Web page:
To save up money for the relocation, I moved in with my then boyfriend. Picking up shop and moving in with someone I loved despite our pending separation felt just stupid enough to be smart (it wasn’t and it was). It was jarring to go from a solo dweller to sharing a space with a significant other who, despite being in love with me, had very little respect for my things and my boundaries as a roommate. Though it was temporary, we made it feel like a home for me, sprinkling some of my favorite pieces into the living room and bedroom (my silver lamp was a must).
In retrospect, I can see that I do indeed want that life someday—a well-curated home and a shared space with someone I love in a beautiful neighborhood with dogs and families and trees—but that lifestyle just made me feel so much older than I was. I also now realize I had way too many things for someone as uninterested in nesting as I am at this point in my life.
Then March arrived, and I was to pack up my things and go. Lucky for me, my New York–based sister’s second roommate was moving to Texas that month, so I was able to secure a bedroom before landing at the airport. But, unlike the other options out there, I had no part in choosing it or decorating it. My collection of rattan furniture, a very beloved Hawaiian-print chair, and a spunky midcentury-modern houndstooth sofa wouldn’t be making the cross-country trip with me. With only 88 square feet to work with, all I could fit was a full-size bed and a dresser inherited by the previous tenant.
I shipped a few knickknacks and keepsakes and the sliver arc lamp that came with me to each apartment, but other than that, I had to start anew. Purging all the items I had collected was the right move—it felt freeing. Instead of upgrading to more space with room to roam, I needed something smaller to give me more structure. My new bedroom in New York is doing just that. Like the city, my room feels a bit cramped, and the only way to pack anything in is vertically. So the first things I did were get curtains for a semblance of privacy and installed floating shelves to add storage and display space for my photos and artwork.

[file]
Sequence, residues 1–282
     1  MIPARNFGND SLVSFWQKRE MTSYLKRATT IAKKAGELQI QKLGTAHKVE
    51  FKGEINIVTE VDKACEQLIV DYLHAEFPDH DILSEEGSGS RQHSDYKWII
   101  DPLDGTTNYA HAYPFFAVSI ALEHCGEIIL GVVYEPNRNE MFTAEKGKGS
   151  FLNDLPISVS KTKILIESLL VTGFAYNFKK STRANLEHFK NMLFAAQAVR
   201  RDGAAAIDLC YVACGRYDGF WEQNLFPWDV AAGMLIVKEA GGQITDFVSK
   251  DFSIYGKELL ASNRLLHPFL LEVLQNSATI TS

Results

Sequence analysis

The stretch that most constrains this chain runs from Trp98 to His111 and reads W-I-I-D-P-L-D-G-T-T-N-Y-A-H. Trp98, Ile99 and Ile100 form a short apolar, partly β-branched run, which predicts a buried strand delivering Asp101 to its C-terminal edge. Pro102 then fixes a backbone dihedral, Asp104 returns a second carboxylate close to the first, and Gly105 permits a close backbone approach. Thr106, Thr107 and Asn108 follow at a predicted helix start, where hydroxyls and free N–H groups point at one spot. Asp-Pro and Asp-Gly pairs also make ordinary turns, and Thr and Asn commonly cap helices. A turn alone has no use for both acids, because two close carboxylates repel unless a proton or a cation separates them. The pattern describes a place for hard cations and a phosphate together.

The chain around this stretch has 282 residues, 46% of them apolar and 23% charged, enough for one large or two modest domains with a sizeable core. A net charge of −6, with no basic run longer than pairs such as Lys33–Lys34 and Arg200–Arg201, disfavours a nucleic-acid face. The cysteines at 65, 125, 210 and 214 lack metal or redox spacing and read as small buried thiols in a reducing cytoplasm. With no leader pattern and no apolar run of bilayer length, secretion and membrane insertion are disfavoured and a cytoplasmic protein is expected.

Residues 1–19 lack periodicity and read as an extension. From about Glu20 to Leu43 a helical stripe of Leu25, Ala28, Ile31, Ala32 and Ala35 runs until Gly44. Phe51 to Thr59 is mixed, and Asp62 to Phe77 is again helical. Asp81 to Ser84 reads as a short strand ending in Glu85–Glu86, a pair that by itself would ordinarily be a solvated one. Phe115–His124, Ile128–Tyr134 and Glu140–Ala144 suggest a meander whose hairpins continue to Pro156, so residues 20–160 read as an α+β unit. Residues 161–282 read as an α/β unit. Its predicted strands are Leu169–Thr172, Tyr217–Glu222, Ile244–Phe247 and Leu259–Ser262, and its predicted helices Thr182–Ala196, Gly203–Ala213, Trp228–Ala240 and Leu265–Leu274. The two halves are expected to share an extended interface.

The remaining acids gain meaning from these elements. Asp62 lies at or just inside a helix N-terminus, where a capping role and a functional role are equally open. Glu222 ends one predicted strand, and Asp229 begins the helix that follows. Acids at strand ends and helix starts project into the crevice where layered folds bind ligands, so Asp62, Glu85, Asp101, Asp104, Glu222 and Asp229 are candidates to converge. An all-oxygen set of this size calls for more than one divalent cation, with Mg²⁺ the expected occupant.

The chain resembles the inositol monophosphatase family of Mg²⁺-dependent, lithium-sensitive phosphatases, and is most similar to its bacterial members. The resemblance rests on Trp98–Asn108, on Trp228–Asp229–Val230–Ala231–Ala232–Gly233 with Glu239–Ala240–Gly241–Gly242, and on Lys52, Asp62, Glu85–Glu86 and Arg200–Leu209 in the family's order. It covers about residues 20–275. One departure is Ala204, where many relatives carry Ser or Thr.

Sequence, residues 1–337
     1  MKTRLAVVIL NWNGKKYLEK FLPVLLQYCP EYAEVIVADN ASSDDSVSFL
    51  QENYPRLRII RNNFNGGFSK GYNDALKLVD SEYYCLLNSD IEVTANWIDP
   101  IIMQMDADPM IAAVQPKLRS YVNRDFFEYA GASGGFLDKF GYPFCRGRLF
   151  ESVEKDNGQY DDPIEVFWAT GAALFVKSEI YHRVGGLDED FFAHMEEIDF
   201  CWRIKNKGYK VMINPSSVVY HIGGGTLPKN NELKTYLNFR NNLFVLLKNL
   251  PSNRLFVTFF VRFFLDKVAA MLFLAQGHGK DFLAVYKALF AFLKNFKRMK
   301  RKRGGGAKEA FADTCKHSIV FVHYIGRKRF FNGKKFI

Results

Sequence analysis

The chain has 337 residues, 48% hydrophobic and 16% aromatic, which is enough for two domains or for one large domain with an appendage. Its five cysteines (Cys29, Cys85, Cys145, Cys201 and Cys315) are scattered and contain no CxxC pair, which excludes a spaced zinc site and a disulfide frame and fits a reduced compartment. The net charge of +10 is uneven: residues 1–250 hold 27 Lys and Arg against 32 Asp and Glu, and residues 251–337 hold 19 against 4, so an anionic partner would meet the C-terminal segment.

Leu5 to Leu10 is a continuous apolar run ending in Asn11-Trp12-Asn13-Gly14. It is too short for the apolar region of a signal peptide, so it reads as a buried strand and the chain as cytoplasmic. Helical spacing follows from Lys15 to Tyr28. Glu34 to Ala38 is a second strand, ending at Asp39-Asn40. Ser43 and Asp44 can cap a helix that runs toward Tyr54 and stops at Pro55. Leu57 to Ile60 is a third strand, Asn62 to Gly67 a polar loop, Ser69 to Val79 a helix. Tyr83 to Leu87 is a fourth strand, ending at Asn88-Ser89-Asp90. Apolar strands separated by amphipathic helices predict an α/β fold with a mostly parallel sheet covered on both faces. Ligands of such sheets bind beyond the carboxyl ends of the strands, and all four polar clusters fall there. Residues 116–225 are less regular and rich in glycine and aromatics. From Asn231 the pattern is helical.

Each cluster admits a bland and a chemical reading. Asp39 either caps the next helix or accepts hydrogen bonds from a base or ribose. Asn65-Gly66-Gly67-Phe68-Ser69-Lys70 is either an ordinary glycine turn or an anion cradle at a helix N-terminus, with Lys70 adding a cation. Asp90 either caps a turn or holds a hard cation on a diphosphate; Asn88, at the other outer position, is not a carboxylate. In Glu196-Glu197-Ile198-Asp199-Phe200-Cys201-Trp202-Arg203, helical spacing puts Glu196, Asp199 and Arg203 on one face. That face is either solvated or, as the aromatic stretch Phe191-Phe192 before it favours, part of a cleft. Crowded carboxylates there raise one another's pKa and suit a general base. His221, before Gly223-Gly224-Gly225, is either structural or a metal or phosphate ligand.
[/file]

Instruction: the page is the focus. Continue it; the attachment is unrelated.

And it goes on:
Then I focused on my bed since that was really the only place that offered a decorating opportunity to express my personal style. I decided to get California-based bedding from (Matteo Los Angeles) to carry some of that quintessential L.A style that I loved to New York with me. And while I rarely ever use the living room and there isn’t even a dining area to speak of, I finally feel at ease in a home.
There’s something about the smallness and once-removed-ness of my apartment here in Brooklyn that makes me feel younger, freer than I ever did in L.A. I can go to my room and not feel strange or guilty for making use of the other rooms. Plus, having less room inside makes me want to go out and explore more because, at the risk of sounding cliché, there is just so much opportunity here.
Like many West Coast babies, I grew up with a very curated vision of New York City. It represented independence, ambition, excitement, freedom… I’d think of the quick pace of click-clacking heels, of the back-to-back meetings, of the passion in plain sight. So far, I haven’t been all that far off base—I interact with more people by 9 a.m. in New York than I did in an entire day in Los Angeles. And I feel much smaller here, though less anonymous.
While I left so much more than just cotton candy clouds and better produce in L.A., the risk and the challenge of downsizing feel worth it. Maybe I feel more at home in this 88-square-foot apartment in Brooklyn with an ugly view and only a small collection of my items because I’m a “nook person,” as writer Durga Chew-Bose calls us in Too Much and Not the Mood. "Nook people are those of us who need solitude, but also the sound of someone puttering in the next room. … Smallness primes us to eventually take up space," she writes.
Maybe I need to feel small and cramped to get out of my comfort zone and to learn how to fill larger spaces, to nest, and to love without reservation.